Edita Food Industries: The leading local snacks producer is expanding regionally and has officially inaugurated a plant in Morocco.
While the company has been distributing its products in a number of Arab markets, the new plant is its first investment in production abroad. The plant is located outside Casablanca and started operation in December. Edita has so far invested around LE380 million in the factory that employs 300 employees and workers. It produces Edita’s famous HoHos cakes.
The plant is co-owned by Edita, holding a 77 per cent stake, and the Moroccan Dislog Group, a distributor and logistics operator for brands like P&G, Mars, Kellogg’s, Duracell, Huwaei, and Shell in the Moroccan market. Edita plans a second phase of expansion with further expected investments of LE300 million.
Edita manufactures, markets, and distributes a range of branded baked snack products, including packaged cakes, croissants, rusks (baked wheat snacks), and wafers. The company’s local-brand portfolio includes names such as Molto, Todo, and Freska, and it owns international brands like Twinkies, HoHos, and Tiger Tail in Egypt, Libya, Jordan, and Palestine.
The company reported a 55 per cent increase in net profits in 2021 to reach LE471.9 million on sales that exceeded LE5 billion on the back of higher volumes and prices.
Swvl: The Cairo-born mass-transportation application is now trading on the NASDAQ exchange in New York after its previously announced merger with New York-based Queen’s Gambit Growth Capital was approved by the concerned parties.
Swvl announced plans in July to go public through a merger with the female-backed Queen’s Gambit Growth Capital. The deal valued Swvl at $1.5 billion, and it received $164.6 million of gross proceeds from the transaction.
Gambit Growth Capital is a special purpose acquisition company (SPAC), a type of company that looks for promising private companies to make public through IPOs. The shares closed in the green in the new company’s first trading session, and it is considering a dual listing on the Cairo Stock Exchange.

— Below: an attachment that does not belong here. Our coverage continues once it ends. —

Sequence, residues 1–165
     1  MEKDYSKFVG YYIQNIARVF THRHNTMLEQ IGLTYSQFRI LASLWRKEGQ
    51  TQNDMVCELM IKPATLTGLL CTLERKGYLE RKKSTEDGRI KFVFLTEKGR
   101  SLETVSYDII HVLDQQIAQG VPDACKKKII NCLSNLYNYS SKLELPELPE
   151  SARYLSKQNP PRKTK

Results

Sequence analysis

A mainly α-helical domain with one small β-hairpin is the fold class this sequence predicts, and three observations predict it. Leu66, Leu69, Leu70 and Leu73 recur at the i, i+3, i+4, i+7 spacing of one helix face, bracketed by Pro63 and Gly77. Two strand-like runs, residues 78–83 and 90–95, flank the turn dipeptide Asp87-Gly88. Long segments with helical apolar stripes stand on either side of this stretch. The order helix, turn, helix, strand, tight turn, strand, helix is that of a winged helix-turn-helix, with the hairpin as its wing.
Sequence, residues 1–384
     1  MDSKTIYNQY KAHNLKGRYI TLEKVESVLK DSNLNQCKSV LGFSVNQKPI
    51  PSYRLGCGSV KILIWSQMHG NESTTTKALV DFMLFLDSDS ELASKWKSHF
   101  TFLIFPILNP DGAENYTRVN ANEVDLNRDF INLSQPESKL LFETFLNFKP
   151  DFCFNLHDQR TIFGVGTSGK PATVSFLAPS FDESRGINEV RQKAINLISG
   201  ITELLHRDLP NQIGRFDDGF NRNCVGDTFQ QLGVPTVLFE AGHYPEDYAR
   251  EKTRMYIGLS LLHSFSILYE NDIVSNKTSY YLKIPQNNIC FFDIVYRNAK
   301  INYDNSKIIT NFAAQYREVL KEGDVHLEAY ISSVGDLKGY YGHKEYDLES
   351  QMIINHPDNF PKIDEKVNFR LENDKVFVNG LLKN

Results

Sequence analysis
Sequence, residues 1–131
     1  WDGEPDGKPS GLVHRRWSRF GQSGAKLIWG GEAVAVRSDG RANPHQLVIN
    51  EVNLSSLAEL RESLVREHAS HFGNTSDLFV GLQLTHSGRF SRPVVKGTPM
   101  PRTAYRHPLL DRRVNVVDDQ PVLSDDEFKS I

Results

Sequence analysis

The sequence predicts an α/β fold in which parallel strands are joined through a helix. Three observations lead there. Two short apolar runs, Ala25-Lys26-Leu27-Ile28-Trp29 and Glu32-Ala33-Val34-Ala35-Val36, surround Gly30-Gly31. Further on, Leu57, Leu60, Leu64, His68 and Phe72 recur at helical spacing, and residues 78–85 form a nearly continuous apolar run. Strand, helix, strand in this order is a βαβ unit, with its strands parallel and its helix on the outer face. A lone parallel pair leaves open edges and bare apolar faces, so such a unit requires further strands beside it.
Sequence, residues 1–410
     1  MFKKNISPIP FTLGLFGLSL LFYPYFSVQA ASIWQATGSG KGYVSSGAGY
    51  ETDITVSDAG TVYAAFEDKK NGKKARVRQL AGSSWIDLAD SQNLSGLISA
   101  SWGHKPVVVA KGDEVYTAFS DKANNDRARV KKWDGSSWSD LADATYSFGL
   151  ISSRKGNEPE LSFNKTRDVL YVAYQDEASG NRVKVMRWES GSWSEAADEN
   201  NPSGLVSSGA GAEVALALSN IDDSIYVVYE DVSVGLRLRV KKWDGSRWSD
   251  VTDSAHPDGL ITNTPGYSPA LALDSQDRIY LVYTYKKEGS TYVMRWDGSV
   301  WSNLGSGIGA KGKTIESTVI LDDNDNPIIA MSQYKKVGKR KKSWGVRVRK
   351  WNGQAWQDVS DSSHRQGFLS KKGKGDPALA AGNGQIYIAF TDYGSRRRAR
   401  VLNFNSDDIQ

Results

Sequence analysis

Now located in Dubai, Swvl was founded in Egypt in 2017 and operates a digital platform that allows users to book rides with bus operators along fixed routes. It has a global expansion plan for which it is allocating $300 million until 2025.
Swvl recently acquired German public transport company Door2Door. This followed its August deal to buy Shotl, a Spanish ride-hailing service for bus and van operators that caters to municipalities, corporations, and educational institutions. Shotl will be Swvl’s hub in Europe and will double the company’s markets in 22 cities across 10 countries, including in Brazil and Japan.
Swvl has a network of 5,000 buses, 3,000 of which are in Egypt. It plans to expand into other activities such as logistics, advertising, and financial services at the beginning of 2023.
Integrated Diagnostics Holdings (IDH): The consumer healthcare group’s owners now include the International Finance Corporation (IFC) with a five per cent stake. The IFC and its Middle East and North Africa (MENA) fund started investing in the company in May, when its shares, already traded on the London Stock Exchange, started trading on the Cairo bourse.
According to a company statement, the acquisition comes as part of a larger overall engagement between IDH and IFC that includes a $60 million debt-financing package to help finance IDH’s expansion plans in Pakistan. The two parties have co-partnered before in investments in Nigeria in 2018.
The group’s core brands include Al-Borg, Al-Borg Scan and Al-Mokhtabar in Egypt, as well as Biolab (Jordan), Ultralab and Al-Mokhtabar Sudan (both in Sudan), and Echo-Lab (Nigeria).
Fawry: The e-payment platform is witnessing a lot of developments. Soon after it was announced that the Abu Dhabi Wealth Fund was interested in buying a stake, two major public banks began showing interest in its shares.
Media reports say that the National Bank of Egypt (NBE), Egypt’s largest bank, has increased its stake in Fawry to 12 per cent. The deal came just a few days after Banque Misr almost doubled its holdings to 15 per cent in a deal that cost LE1.47 billion.
The sellers are international investors. The two banks now own more than 28 per cent of the company, up from around 13.2 per cent before the deals.
*A version of this article appears in print in the 7 April, 2022 edition of Al-Ahram Weekly.